This species gets its common name because it is very hardy and in milder areas it often remains green throughout the winter. It is often common in gardens, waste ground and roadsides.
Greens: Wintercress tastes very much like watercress (Nasturtium) and can be used in the same ways, in salads, sandwiches, soups and as cooked greens. It turns bitter and pungent when it flowers and in hot weather, but can still be eaten if you boil for a few minutes and then change the cooking water (this reduces its bitterness to a palatable level.) It is sometimes mixed with bland potherbs to add flavor. The leaves shrink a lot in cooking, so you need more than you think.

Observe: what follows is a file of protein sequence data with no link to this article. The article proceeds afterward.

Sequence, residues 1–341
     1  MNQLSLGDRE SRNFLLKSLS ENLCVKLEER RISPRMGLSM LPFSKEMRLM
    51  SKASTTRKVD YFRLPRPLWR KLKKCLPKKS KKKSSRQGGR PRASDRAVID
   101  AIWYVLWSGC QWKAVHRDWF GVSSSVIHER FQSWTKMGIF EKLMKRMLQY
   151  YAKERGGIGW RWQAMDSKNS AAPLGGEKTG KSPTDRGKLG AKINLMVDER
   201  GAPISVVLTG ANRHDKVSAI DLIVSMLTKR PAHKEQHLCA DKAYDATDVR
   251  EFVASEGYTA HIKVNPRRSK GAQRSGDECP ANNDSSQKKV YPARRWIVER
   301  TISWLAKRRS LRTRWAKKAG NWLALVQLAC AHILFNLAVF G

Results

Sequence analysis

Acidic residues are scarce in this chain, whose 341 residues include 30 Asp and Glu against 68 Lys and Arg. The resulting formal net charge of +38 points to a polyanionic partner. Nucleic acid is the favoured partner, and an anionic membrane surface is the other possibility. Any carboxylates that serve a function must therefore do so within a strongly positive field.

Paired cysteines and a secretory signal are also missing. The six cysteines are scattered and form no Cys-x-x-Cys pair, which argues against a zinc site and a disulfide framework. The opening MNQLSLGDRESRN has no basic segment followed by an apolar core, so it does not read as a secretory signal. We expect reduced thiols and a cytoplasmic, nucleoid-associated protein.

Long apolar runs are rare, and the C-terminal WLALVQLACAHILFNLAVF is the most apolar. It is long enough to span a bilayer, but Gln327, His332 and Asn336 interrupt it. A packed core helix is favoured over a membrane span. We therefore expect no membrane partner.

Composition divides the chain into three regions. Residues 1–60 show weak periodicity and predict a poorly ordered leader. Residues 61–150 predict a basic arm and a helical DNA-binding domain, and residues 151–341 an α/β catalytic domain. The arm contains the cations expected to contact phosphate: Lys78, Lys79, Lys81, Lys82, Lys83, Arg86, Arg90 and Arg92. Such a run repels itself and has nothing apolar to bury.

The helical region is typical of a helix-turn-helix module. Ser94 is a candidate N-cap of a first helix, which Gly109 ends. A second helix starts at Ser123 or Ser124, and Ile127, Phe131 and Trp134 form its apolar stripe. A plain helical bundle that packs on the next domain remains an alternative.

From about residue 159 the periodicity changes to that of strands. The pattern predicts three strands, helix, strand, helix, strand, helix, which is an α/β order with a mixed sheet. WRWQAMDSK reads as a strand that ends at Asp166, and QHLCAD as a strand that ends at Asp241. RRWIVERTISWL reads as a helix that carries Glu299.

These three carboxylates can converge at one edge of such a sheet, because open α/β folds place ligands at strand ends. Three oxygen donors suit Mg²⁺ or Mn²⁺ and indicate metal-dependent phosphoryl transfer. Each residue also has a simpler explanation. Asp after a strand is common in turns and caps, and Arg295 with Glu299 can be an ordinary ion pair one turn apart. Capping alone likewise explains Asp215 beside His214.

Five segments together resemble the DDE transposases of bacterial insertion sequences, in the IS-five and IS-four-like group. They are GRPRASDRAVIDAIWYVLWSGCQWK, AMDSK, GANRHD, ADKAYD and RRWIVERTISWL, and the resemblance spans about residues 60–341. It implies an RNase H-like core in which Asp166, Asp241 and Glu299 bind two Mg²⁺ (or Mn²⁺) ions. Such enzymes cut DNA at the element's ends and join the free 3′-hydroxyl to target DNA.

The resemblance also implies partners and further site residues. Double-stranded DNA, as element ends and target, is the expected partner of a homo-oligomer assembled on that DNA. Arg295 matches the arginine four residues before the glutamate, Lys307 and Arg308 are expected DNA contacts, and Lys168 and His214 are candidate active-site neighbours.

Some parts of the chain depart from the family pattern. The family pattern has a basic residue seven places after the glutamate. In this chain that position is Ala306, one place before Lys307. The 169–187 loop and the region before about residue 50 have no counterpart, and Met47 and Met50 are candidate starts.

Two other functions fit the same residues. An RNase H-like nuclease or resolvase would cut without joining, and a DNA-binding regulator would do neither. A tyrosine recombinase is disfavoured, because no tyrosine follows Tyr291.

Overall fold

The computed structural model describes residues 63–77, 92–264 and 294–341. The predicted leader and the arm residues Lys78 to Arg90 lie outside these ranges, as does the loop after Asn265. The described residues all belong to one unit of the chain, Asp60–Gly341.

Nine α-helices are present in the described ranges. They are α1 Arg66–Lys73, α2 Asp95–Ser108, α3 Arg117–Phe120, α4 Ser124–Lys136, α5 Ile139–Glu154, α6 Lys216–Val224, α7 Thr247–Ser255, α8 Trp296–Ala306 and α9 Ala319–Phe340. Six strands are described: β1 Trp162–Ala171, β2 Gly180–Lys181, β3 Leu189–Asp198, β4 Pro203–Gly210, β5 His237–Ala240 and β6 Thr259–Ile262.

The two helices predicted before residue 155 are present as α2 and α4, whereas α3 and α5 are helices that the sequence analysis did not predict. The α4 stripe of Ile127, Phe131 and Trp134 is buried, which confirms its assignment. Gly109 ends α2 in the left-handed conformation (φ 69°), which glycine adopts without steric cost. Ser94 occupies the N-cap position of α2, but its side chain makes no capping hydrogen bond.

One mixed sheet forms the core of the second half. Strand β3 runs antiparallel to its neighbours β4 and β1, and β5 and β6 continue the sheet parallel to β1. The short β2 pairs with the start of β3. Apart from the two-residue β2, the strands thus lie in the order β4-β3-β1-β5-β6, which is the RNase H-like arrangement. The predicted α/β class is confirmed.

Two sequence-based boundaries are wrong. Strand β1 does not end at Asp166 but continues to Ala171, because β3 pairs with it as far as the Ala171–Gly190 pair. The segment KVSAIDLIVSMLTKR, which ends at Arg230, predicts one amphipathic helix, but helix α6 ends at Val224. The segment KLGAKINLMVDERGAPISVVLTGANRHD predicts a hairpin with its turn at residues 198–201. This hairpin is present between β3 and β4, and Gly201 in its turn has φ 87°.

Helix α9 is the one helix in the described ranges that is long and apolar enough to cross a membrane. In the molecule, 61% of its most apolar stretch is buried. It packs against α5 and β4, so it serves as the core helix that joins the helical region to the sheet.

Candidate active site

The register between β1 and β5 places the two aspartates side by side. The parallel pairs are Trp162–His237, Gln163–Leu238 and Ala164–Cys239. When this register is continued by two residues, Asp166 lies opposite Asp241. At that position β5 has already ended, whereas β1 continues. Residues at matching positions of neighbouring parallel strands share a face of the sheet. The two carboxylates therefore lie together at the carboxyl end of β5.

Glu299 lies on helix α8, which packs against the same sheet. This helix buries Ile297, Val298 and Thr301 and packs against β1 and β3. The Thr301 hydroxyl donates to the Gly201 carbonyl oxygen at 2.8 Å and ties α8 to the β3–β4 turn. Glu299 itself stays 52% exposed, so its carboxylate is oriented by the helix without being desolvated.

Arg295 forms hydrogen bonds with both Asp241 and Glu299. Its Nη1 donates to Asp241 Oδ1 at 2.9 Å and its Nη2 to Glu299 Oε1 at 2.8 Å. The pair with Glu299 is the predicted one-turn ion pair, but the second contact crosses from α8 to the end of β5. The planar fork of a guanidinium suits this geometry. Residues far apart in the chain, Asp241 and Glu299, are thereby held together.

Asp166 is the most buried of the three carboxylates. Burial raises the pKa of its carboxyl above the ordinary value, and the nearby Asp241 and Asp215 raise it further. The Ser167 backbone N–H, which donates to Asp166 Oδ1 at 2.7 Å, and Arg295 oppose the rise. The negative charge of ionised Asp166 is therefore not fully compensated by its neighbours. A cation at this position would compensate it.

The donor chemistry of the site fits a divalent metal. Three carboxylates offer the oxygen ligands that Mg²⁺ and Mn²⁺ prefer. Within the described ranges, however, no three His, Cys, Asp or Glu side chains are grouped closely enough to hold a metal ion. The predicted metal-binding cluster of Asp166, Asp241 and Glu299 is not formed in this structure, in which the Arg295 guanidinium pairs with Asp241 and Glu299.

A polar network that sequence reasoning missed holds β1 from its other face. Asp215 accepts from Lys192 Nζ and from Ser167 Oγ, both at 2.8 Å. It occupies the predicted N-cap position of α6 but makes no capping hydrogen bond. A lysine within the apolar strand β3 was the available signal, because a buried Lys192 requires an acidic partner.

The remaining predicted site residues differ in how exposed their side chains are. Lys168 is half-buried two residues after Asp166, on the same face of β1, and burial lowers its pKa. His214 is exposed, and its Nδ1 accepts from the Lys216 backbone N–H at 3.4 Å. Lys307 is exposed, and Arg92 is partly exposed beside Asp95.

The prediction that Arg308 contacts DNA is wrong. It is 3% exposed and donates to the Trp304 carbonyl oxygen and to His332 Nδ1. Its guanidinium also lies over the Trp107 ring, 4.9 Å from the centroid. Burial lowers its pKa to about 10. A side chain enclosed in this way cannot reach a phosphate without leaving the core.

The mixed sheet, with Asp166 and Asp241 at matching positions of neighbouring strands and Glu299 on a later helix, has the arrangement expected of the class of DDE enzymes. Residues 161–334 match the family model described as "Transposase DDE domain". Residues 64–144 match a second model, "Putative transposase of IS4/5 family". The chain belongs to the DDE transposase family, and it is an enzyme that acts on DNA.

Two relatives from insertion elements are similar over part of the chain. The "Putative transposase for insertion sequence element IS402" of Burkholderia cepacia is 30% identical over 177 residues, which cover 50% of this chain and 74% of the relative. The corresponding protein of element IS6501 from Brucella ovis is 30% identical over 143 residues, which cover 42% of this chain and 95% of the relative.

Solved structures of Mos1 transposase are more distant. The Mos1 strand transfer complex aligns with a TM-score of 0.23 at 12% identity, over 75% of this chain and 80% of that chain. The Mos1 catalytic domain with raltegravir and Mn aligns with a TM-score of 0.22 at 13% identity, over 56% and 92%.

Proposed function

Flower buds: The unopened flower buds, gathered while still tightly furled, can be eaten raw, or cooked like miniature broccoli.
Nutrients: Wintercress is rich in vitamins and other nutrients.
Animal food: The seeds are important food for many wild birds and are sometimes added to wild birdseed mixtures.
Cultivation: This biennial is easily raised from seed, in average garden soil. It can be grown as a cut and come again salad crop. It self-sows readily and can become a weed if not kept under control. I consider it an essential winter salad garden plant. It tolerates light shade.
B. orthoceras (B. Americana) – American Wintercress
B. verna – Early Wintercress
These can both be used in the same ways.